For example, one such informational report is the Foreign Bank Account Report (FBAR). Failure to submit or accurately file the FBAR imposes significant IRS penalty implications. It is important to work with a tax professional who is well-versed in the foreign taxation subject area as there are tax professionals that do not understand the reporting requirements for this filing, the proper method for converting currency, or the interaction of the FBAR with other tax forms (such as Form 8938 and Schedule B) on the U.S. tax return.
Performing an independent audit or review of the tax returns and foreign financial reporting by an experienced international tax advisor can uncover issues that can be resolved through one of the many IRS amnesty programs currently available to taxpayers. By voluntarily resolving these issues, taxpayers can retain peace of mind that they are in full compliance with all IRS filings and reporting during the five-year period.
Timing is Critical
From a tax perspective, there may be events when it is more advantageous to remain a U.S. resident or citizen. These events include receiving deductions for mortgage interest or being able to report carry-over losses from rental properties. On the other hand, there are events when it makes more sense from a tax perspective to be a non-U.S. resident. These events include transactions such as the receipt of bonuses, pension distributions, and the execution of stock sales and real estate sales.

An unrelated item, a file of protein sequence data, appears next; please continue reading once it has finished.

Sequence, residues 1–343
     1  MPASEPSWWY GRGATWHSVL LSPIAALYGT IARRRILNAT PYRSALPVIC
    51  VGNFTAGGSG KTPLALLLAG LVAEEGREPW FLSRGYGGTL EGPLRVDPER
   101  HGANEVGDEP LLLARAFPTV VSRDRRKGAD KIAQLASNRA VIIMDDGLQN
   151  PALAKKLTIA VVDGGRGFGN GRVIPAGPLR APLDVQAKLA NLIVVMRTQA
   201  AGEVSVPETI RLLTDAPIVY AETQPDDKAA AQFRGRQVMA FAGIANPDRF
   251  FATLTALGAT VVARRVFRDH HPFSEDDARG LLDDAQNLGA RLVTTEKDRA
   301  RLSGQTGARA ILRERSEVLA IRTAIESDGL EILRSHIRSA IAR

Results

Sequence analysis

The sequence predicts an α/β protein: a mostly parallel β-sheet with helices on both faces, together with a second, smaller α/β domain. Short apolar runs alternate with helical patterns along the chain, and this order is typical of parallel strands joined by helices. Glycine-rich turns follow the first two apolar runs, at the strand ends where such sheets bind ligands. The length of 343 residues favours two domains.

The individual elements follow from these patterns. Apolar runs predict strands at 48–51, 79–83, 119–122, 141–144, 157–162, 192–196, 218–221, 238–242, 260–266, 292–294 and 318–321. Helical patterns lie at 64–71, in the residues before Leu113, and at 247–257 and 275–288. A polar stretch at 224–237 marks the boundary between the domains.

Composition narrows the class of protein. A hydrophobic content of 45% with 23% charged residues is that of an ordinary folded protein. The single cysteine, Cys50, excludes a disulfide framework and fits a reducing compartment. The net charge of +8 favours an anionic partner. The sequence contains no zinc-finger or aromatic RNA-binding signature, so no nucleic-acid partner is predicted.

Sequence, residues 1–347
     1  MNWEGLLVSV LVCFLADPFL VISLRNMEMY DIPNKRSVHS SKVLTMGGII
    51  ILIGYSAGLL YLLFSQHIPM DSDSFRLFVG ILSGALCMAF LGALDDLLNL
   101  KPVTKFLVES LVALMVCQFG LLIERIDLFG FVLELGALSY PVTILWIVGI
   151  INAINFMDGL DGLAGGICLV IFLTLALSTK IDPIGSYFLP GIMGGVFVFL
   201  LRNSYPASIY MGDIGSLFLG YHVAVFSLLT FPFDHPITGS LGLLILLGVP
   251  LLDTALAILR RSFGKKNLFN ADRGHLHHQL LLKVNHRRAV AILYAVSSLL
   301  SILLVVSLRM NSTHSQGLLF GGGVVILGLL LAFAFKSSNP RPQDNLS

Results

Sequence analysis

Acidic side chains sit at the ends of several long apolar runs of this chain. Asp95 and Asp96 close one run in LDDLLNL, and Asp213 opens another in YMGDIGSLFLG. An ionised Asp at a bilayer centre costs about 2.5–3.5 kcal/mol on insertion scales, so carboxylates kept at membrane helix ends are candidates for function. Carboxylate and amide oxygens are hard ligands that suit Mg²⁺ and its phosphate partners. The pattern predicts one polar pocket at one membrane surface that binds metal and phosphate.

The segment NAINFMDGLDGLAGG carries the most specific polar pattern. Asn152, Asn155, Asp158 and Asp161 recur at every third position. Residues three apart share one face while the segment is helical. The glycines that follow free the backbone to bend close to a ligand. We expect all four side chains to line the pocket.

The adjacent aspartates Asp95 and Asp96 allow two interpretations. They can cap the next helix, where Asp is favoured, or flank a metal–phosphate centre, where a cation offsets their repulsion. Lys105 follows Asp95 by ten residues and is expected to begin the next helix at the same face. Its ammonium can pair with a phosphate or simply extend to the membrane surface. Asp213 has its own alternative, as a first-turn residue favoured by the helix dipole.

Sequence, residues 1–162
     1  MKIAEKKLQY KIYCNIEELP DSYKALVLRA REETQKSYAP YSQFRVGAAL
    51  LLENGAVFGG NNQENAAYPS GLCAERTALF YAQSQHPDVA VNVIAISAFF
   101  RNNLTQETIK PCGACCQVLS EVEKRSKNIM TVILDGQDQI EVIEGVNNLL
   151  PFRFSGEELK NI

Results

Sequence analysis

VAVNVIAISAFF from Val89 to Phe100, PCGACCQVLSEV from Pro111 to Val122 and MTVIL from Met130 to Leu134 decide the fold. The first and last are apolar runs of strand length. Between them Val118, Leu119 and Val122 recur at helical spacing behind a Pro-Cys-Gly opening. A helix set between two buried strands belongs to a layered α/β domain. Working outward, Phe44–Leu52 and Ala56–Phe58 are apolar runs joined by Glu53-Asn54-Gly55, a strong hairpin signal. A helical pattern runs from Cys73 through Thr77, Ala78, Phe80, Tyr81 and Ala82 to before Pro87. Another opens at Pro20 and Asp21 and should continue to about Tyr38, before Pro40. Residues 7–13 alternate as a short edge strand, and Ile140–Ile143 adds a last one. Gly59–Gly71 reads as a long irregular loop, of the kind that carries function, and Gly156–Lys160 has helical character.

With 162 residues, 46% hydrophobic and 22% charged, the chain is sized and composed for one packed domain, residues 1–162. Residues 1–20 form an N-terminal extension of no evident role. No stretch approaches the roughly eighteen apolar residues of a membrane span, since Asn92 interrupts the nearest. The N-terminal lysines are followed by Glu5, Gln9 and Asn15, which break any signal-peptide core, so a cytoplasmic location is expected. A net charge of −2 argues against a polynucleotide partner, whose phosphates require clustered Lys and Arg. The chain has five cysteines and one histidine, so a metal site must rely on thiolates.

One can also plan the timing strategically to avoid failing the income tax liability test. Should the taxpayer’s tax liability from the prior five years exceed the stated threshold, one may consider deferring the timing of expatriation. With the additional time available, one should aim to minimize the tax liability for the years prior to expatriation to bring the average down to below the threshold.
Accordingly, it is critical for one to understand the significance of timing with respect to making the decision to expatriate. Additionally, it should be noted that expatriating on a random date can wreak havoc on the final filings with the IRS for U.S. tax preparers. Working with an experienced tax advisor can help the expatriate time the event perfectly while minimizing tax liability.
Other Tax Planning Considerations and Strategies